For some time now, developments within American conservative Protestantism have been racing ahead of attempts by scholars to define, describe, and analyze them. The rapid growth of theologically conservative denominations and seminaries, the vigorous evangelism of student groups and many local churches, the growing willingness of evangelical thinkers to depart from cultural traditions—these point to a ferment of no little consequence in American Christianity.
The diffuse nature of the evangelical resurgence, however, poses serious difficulties. Just what is meant by the “bloomin’, buzzin’ confusion” characterizing the modern world of evangelicals, fundamentalists, and theological conservatives? What actually do we mean when we talk about “evangelicals,” “fundamentalists,” or religious “conservatives”? Can one find a succinct, comprehensive theological definition of evangelicalism? Is conservative Protestantism an exclusively white, middle-class, and suburban phenomenon? Does the “typical” evangelical still approach scientific questions in the same way that William Jennings Byran did at the Scopes trial? Where do contemporary “Bible-believing Christians” come down politically—on the right with Billy James Hargis and Carl McIntire or on the left with the Wittenburg Door and the Post American? Are increasing signs of intellectual activity among evangelicals mere window dressing or indications of a deeper internal maturation?
Certain aspects of these questions have been treated in recent years by books of relatively limited focus. Four of these efforts have attracted particular attention. Dean Kelley tried to analyze reasons for the rapid advance of culturally and theologically conservative denominations in Why Conservative Churches Are Growing (Harper & Row, 1972). Bernard Ramm in The Evangelical Heritage (Word, 1973) set forth the theology of the sixteenth-century Reformation as the taproot from which contemporary evangelicalism has grown. Donald Bloesch’s Evangelical Renaissance (Eerdmans, 1973) examined briefly, but provocatively, indications of a new self-confidence in conservative theology. And Richard Quebedeaux defined and described a group of Young Evangelicals (Harper & Row, 1974) who have managed, in Carl Henry’s words, both to “cheer and challenge liberal ecumenists” and to “delight and distress traditional evangelicals” (CHRISTIANITY TODAY, April 26, 1974, p. 4).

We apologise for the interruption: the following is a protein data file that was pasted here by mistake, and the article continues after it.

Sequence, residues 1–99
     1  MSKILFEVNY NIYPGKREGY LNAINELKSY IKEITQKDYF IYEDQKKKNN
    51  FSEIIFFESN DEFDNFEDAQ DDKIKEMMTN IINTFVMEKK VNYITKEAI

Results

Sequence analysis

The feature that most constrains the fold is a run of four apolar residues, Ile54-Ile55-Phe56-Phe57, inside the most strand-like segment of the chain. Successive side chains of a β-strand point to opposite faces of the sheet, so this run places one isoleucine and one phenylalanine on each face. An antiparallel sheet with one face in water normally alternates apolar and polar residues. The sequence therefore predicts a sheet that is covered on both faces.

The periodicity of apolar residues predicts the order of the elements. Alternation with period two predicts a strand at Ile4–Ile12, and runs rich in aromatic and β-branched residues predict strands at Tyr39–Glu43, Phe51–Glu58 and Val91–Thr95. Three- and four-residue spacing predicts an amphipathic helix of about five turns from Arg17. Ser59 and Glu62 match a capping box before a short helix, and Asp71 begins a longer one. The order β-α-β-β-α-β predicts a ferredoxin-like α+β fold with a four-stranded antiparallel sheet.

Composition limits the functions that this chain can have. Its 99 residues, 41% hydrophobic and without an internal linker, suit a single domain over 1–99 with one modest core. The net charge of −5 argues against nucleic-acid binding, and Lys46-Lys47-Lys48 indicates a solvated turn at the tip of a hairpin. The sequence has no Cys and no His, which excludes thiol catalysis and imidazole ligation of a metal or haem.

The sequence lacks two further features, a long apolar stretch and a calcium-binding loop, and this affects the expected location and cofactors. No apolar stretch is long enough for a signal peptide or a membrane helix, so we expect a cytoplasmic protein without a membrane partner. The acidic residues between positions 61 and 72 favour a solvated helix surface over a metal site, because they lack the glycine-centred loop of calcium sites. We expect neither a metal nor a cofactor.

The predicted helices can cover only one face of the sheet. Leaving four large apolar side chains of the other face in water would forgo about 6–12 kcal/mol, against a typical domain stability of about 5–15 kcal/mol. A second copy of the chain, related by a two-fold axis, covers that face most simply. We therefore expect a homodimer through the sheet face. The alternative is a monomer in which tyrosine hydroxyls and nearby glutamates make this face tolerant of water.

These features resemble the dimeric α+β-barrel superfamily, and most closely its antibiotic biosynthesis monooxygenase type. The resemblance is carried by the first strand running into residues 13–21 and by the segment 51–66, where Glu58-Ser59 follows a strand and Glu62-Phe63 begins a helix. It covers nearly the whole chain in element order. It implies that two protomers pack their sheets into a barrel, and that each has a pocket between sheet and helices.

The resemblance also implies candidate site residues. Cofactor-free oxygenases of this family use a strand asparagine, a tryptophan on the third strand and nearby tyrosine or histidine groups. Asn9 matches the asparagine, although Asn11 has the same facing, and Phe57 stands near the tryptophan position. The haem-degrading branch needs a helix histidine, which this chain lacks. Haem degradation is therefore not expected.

Until Abingdon’s publication in September of The Evangelicals, however, no single volume has provided a satisfactory account of the theological, social, intellectual, cultural, ethnic, and historical life of modern evangelicalism. While The Evangelicals does not fully answer all the questions one could raise, its publication is a landmark in the serious study of conservative Protestantism in twentieth-century America. Its editors, David F. Wells and John D. Woodbridge, both professors of church history at Trinity Evangelical Divinity School, have brought together a distinguished cast of evangelical scholars to analyze and evaluate evangelicalism in white America. The volume also includes two noteworthy essays by black evangelicals on conservative Protestantism in the black community.
The significance of The Evangelicals is considerably heightened by the fact that well-known scholars standing outside evangelicalism have also contributed to the volume. That highly respected theologians and church historians from the Protestant “mainstream” have taken serious and detailed account of the evangelicals is almost as newsworthy as what they have to say about them. Sydney E. Ahlstrom and Paul L. Holmer of Yale University, Martin E. Marty of the University of Chicago, and George H. Williams of Harvard Divinity School are names of the highest distinction in the study of American religion. While their contributions to the volume sound a condemnatory note as often as an appreciative one, their willingness to participate in this colloquy suggests that evangelicalism is intruding itself back into the consciousness of American culture. American evangelicalism may not yet have come of age, but the serious attention it receives in this volume from Ahlstrom, Holmer, Marty, and Williams show that it can no longer be passed by as a stale, flat, and unprofitable backwater of the American religious experience.
The book is divided into three sections. The first, “What Evangelicals Believe,” attacks the problem of definition. John H. Gerstner, professor of church history at Pittsburgh Seminary, sets out “The Theological Boundaries of Evangelical Faith,” while Kenneth S. Kantzer, professor of systematic theology and dean of Trinity Evangelical Divinity School, discusses some of the theological subgroups within contemporary evangelicalism. Professor Holmer concludes this section by asking several penetrating questions about the nature and purposes of evangelical theology.